This project grows out of Professor Ammon’s dissertation, for which she received the Anthony Sutcliffe Dissertation Award from the International Planning History Society (IPHS), the John Reps Prize from the Society for American City & Regional Planning History (SACRPH), the Zuckerman Prize in American Studies from the McNeil Center for Early American Studies, and was the mentioned finalist for the American Studies Association’s (ASA) Ralph Henry Gabriel Prize.
Additional research in progress explores the role of photographs in shaping planning and preservation discourse, from the prolonged projects of postwar development through the recovery efforts prompted by natural disasters. Professor Ammon recently organized a symposium on this general topic, titled "Picturing Policy: How Visual Culture Shapes the Urban Built Environment." During 2016-17, she is also exploring this interest as a Mellon Researcher with the Project on Architecture and Photography at the Canadian Centre for Architecture.
Professor Ammon has published articles in the Journal of Planning History, Journal of Urban History, and Technology & Culture. She has also been featured on popular radio programs WNYC's The Takeaway, WNPR's The Colin McEnroe Show, KPFA's Against the Grain, and the PBS television documentary 10 Towns That Changed America.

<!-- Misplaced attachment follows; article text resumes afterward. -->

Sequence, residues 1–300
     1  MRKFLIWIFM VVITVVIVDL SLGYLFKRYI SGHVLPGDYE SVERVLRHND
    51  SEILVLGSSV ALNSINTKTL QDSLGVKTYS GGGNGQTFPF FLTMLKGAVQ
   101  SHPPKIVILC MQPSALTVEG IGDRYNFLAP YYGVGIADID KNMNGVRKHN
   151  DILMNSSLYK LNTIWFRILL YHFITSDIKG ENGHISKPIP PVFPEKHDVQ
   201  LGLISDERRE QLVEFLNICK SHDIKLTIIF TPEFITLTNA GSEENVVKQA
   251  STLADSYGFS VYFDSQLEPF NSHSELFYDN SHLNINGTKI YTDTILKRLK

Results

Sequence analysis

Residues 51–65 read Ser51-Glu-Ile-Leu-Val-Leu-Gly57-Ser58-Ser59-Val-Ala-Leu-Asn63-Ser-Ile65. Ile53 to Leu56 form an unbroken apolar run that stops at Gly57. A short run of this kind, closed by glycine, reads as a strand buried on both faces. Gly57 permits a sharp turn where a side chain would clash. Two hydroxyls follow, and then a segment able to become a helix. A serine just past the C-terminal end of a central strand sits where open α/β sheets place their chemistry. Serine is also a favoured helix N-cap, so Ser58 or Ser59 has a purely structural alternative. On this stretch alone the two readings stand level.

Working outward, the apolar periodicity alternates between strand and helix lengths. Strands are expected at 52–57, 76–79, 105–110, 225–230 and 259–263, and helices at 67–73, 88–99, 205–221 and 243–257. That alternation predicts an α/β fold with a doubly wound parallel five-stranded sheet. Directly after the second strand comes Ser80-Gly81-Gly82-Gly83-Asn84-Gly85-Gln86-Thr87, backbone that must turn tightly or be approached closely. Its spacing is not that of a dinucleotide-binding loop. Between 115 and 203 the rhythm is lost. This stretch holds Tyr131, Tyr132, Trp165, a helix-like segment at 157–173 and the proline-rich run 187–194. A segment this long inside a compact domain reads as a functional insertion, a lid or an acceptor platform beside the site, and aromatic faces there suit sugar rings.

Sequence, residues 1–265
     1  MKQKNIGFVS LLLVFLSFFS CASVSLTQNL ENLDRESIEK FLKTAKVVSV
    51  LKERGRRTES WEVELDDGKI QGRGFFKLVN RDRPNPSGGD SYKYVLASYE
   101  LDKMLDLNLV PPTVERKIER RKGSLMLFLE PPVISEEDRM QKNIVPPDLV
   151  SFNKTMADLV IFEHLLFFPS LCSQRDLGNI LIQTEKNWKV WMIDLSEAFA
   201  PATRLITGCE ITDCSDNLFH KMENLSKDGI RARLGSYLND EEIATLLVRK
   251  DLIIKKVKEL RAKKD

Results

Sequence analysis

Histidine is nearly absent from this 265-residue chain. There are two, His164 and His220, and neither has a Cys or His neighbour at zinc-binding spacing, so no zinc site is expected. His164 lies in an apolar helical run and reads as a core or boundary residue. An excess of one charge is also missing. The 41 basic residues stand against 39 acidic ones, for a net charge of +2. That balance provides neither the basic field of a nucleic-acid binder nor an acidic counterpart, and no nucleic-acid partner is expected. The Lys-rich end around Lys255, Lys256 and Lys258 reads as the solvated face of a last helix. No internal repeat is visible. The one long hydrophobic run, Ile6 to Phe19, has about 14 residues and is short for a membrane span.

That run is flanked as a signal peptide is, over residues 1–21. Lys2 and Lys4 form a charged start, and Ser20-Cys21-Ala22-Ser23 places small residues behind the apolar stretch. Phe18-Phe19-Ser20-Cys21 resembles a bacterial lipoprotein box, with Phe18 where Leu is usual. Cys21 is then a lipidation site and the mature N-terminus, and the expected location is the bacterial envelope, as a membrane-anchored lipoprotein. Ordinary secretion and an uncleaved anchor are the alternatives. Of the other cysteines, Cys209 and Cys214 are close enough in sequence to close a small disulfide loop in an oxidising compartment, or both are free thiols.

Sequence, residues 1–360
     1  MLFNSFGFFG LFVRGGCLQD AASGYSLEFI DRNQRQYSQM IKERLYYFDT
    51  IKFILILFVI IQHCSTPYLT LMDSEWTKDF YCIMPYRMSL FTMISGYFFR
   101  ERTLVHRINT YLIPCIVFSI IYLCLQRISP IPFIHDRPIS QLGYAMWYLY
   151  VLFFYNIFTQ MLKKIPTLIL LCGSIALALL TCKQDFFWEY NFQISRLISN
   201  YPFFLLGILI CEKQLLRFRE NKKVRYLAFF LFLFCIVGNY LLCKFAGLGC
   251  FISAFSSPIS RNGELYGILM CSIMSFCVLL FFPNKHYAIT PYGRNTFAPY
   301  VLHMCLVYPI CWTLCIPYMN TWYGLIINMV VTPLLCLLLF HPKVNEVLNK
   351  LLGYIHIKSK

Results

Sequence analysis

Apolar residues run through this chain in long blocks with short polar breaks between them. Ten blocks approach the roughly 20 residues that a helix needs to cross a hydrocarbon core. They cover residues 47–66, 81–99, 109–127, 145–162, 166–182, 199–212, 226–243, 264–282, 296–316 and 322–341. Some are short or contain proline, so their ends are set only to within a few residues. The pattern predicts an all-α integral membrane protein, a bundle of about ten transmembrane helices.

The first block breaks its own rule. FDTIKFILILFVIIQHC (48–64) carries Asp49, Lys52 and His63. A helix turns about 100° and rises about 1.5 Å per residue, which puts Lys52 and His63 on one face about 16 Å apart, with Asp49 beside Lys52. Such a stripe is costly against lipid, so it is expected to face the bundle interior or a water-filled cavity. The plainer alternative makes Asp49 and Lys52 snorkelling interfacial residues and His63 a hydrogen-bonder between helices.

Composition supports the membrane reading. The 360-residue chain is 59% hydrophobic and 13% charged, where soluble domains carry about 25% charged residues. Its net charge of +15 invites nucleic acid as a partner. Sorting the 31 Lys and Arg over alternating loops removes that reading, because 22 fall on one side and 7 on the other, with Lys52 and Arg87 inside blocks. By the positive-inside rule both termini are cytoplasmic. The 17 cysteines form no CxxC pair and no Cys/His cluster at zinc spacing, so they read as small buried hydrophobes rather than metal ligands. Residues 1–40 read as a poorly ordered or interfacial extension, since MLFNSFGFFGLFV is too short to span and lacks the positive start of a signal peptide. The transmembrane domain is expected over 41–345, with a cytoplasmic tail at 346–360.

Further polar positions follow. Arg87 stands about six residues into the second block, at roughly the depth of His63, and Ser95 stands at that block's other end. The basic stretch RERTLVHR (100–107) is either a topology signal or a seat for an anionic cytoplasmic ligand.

She has presented her work widely, including at the annual and biennial meetings of the Society for American City & Regional Planning History, Urban History Association, Policy History Conference, Business History Conference, and the American Studies Association. She has also given papers at special workshops and symposia at Penn’s McNeil Center for Early American Studies; Yale University’s Agrarian Studies Colloquium; the Center for the History of Business, Technology, and Society at Hagley Museum and Library; Stuttgart University’s Under Construction – Construction Sites conference; and Harvard University’s Capitalism in Action conference.
Articles and Chapters
“Refuge, Resort, and Ruin: Real Estate Development and the Identity of Asbury Park, New Jersey,” in Liberty and Leisure in North America, ed. Pierre Lagayette (Paris: Presses de l’Université Paris-Sorbonne, 2008): 41-57.
At PennDesign, Professor Ammon teaches both city planning and historic preservation courses:
CPLN 500 / URBS 440: Introduction to City & Regional Planning: Past, Present, and Future
CPLN 707: Thesis Studio
HSPV 600: Documentation, Research, and Recording 1
HSPV 638: Photography & the City: The Visual Construction of Urban and Suburban America
HSPV 638 / MUSC 621: Cities and Sound: The Spatial Politics and Practices of Sound in Modern Urban Life (with Naomi Waltham-Smith)